Deportations from Jordan have spiked in recent months, with entire Syrian families sent back for the first time, including large numbers of children, two international aid officials said as quoted by Associated Press on Friday.
One official said that more than one-third of several thousand refugees who went back to Syria between January and April were forcibly deported, while others returned voluntarily, the AP reported.
The international group Human Rights Watch said it has documented “numerous cases” since 2014 of Jordan forcibly returning Syrian asylum seekers to Syria. In many cases, the deportations violate international law which bars returning people to situations where they face danger or persecution, said Lama Fakih, deputy director of the group’s Middle East and North Africa division.
Turkey and Lebanon, two other main refugee host countries alongside Jordan, have also deported asylum seekers, she said.
A Jordanian government official confirmed that deportations have taken place, but said refugees are only sent back on security grounds, after an investigation. He would not give a total since the beginning of the year.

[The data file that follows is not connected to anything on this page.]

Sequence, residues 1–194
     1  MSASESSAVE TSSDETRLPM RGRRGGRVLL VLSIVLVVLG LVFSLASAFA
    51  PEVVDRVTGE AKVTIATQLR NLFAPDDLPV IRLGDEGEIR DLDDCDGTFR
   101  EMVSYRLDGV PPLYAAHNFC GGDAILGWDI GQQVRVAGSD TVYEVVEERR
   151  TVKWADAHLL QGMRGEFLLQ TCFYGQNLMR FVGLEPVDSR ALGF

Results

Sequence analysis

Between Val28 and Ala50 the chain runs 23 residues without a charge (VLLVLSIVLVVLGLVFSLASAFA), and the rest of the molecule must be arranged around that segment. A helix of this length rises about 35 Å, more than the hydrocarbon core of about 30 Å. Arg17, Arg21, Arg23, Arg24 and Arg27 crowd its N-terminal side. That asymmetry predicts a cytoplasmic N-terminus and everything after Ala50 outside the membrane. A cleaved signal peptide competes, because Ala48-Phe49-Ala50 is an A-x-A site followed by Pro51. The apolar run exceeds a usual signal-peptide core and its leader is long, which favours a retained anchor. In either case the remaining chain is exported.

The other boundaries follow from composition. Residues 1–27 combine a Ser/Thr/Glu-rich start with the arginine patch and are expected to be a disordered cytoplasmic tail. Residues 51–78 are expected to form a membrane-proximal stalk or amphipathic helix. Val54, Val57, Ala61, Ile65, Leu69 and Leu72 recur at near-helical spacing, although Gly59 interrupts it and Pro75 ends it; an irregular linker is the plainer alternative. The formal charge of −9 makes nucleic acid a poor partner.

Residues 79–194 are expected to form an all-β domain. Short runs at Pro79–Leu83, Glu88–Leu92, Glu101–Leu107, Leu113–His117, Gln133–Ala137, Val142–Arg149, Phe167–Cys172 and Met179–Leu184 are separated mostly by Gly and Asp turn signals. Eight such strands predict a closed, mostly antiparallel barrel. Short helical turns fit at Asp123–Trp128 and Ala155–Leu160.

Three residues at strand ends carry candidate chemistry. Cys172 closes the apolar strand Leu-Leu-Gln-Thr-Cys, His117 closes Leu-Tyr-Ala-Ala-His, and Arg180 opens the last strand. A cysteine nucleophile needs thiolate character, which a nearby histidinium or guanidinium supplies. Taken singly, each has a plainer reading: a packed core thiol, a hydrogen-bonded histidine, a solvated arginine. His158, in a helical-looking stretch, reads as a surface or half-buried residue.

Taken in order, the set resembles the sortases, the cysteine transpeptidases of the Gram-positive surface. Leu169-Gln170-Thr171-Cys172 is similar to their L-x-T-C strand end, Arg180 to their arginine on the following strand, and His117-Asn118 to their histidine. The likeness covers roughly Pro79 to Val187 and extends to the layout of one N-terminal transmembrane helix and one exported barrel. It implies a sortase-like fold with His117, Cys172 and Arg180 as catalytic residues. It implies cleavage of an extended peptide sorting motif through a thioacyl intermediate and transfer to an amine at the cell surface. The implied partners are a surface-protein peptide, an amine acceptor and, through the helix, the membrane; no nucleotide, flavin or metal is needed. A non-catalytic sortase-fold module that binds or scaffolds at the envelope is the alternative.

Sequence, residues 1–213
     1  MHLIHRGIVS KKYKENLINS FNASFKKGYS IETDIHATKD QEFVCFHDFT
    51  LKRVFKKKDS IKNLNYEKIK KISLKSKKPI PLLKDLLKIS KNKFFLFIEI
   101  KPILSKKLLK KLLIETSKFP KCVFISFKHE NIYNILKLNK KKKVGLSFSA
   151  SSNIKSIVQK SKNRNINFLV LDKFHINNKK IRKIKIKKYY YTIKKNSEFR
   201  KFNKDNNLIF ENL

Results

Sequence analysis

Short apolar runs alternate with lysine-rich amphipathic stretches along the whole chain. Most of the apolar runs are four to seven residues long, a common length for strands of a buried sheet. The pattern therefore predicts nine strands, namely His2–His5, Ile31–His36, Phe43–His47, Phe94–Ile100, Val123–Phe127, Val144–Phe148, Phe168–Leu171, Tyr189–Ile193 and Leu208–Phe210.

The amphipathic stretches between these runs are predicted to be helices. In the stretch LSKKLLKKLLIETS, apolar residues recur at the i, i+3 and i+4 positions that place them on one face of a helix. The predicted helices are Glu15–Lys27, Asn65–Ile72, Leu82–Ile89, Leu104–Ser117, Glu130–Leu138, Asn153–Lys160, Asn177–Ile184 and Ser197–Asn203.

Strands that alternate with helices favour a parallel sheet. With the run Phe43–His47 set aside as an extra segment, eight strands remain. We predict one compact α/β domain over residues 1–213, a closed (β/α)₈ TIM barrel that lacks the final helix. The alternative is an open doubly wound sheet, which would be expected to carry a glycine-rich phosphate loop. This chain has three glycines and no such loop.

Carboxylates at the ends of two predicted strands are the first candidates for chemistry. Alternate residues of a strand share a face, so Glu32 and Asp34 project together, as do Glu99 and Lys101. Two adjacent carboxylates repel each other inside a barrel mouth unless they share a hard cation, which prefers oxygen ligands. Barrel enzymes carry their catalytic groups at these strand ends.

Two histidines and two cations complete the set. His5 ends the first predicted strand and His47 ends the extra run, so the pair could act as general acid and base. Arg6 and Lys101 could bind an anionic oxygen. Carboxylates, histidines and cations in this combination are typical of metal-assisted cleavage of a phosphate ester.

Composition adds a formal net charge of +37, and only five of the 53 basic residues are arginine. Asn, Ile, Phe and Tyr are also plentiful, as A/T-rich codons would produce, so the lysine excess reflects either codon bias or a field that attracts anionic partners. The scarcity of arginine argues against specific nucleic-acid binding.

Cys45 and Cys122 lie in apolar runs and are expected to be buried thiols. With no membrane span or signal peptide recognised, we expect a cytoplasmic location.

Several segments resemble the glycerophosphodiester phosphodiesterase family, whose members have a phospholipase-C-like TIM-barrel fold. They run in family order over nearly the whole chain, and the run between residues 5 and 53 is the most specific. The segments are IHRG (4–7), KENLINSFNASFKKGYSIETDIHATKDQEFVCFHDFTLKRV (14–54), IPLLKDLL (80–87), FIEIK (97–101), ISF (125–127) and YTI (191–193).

The official and the aid agency employees spoke on condition of anonymity to discuss the deportations, a contentious issue between Jordan and the international community.
Returning refugees to war zones violates international law, especially when it is done without due process and includes family members, said Jeff Crisp, a former official at the U.N. refugee agency.
According to the AP report, at least five million Syrians fled their country since the outbreak of conflict there in 2011. Close to 660,000 are registered as refugees in Jordan.
Syria’s neighbors have effectively closed their borders, overburdened by the initial influx of refugees and wary of risks to security.
Donors and aid groups rely on Jordan’s goodwill to operate there and have limited leverage when trying to prevent deportations, especially given the growing threat of IS, which controls part of Syria and Iraq.